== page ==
5. Drunken Spinach: Hubby makes an amazing Italian-style spinach with sauteed onions, tomatoes, and nutmeg. Unfortunately, the tomato product we had on hand was ‘strained.’ Strained does not mean chunks. Therefore, the spinach was sodden. Plastered. Shit-faced. Hammered.

But, you know, we needed a sauce for the dry sausage, tempeh, and…

6. Mashed Parched Potatoes: How the heck did these mashed potatoes get so dry? I blame it on the new “perfect masher” we just used for the first time. Mashed potatoes should’t be so… arid.

Have you choked that all down yet?

As we told the kids, “It’s like a buffet!” (Have some water.)

We made them hot chocolate to make up for it.

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16 thoughts on “The Smorgasbord of Vegan Disasters

  1. Very funny. I hate it when one disaster leads to another and there’s nothing you can do about it and you’re stuck with it! amaranth in pasta sounds really odd. It’s reasons like that I can’t do vegan!!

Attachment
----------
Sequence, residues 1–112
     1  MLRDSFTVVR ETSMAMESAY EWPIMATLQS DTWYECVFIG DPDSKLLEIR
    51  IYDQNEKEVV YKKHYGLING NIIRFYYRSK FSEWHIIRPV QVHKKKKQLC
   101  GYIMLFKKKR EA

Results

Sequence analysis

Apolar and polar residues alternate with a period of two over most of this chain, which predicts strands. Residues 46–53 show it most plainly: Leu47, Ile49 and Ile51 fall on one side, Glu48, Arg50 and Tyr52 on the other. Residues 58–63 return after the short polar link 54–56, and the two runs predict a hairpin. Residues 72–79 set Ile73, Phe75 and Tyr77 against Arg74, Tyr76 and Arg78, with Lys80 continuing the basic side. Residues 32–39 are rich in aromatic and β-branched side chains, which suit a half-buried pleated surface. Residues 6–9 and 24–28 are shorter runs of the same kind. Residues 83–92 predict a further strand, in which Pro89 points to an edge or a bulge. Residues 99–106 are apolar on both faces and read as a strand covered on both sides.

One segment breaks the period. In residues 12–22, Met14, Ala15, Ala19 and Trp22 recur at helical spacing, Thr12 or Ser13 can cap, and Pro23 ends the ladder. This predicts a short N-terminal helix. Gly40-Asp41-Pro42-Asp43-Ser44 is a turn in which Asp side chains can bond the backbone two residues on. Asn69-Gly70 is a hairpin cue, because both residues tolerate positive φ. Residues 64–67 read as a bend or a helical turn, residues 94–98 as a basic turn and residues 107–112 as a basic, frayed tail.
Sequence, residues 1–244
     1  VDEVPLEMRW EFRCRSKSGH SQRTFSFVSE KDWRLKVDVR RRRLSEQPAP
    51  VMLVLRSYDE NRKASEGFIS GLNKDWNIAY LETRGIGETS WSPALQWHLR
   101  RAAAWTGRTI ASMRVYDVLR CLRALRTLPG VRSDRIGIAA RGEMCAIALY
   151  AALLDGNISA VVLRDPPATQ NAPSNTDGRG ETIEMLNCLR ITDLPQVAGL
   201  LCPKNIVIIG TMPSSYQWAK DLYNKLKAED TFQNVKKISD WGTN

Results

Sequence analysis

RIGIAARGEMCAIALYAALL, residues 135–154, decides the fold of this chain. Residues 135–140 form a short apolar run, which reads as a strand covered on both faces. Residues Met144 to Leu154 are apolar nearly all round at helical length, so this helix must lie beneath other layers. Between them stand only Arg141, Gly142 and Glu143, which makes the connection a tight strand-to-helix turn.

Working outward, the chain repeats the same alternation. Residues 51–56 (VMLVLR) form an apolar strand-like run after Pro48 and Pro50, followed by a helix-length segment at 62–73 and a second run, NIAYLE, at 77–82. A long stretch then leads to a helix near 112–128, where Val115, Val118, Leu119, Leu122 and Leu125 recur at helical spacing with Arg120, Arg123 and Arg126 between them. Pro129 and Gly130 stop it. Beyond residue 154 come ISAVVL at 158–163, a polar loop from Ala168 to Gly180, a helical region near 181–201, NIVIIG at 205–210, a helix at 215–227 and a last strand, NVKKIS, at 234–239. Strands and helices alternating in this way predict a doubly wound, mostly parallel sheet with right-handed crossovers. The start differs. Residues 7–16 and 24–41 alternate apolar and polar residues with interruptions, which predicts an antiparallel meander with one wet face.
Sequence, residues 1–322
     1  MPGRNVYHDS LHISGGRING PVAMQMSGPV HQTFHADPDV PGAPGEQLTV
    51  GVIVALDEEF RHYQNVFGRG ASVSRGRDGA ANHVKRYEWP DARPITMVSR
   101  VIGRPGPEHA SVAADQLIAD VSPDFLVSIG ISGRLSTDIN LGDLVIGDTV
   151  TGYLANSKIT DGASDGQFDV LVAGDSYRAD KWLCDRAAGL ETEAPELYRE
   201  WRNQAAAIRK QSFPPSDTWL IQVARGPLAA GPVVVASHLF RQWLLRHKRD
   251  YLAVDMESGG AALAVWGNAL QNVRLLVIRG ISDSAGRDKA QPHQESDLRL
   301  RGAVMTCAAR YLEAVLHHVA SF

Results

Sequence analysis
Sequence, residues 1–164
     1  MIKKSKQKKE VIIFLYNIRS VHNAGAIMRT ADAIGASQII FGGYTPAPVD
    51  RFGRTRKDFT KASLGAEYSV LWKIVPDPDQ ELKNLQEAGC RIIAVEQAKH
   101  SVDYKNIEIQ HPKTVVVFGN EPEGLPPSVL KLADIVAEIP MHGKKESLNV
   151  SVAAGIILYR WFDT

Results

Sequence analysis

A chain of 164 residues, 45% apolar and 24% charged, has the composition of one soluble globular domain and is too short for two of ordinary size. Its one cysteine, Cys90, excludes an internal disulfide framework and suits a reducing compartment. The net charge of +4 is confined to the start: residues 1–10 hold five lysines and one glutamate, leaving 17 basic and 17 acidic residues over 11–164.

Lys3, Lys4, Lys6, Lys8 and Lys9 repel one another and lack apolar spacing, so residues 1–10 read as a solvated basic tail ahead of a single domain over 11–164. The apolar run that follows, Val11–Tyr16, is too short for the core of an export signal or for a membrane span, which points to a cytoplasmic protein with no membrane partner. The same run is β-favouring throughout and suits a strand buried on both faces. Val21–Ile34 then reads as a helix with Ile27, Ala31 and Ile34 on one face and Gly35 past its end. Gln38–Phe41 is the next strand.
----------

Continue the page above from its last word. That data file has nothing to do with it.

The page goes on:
1. Vegan is good. It’s gluten-free that’s not (luckily we’re not GF, the pasta just happened to be). Thanks for reading, and I’m so glad you found it funny. It was meant to be 😉

  2. I wish I liked things like quinoa and tempeh and tofu, but I just don’t. So for vegan options I usually go with the beans, lentils, etc. I made that same mistake with strained tomatoes, thinking they were the same as crushed. Nope. Not even close.

  3. Suddenly burning a few slices of toast when it’s a Thursday and I’m on supper duty for 13 Sisters (inc me; we are 14 sisters but one is on a specific diet and so makes her own supper) plus any guests we may have staying doesn’t seem that bad after all!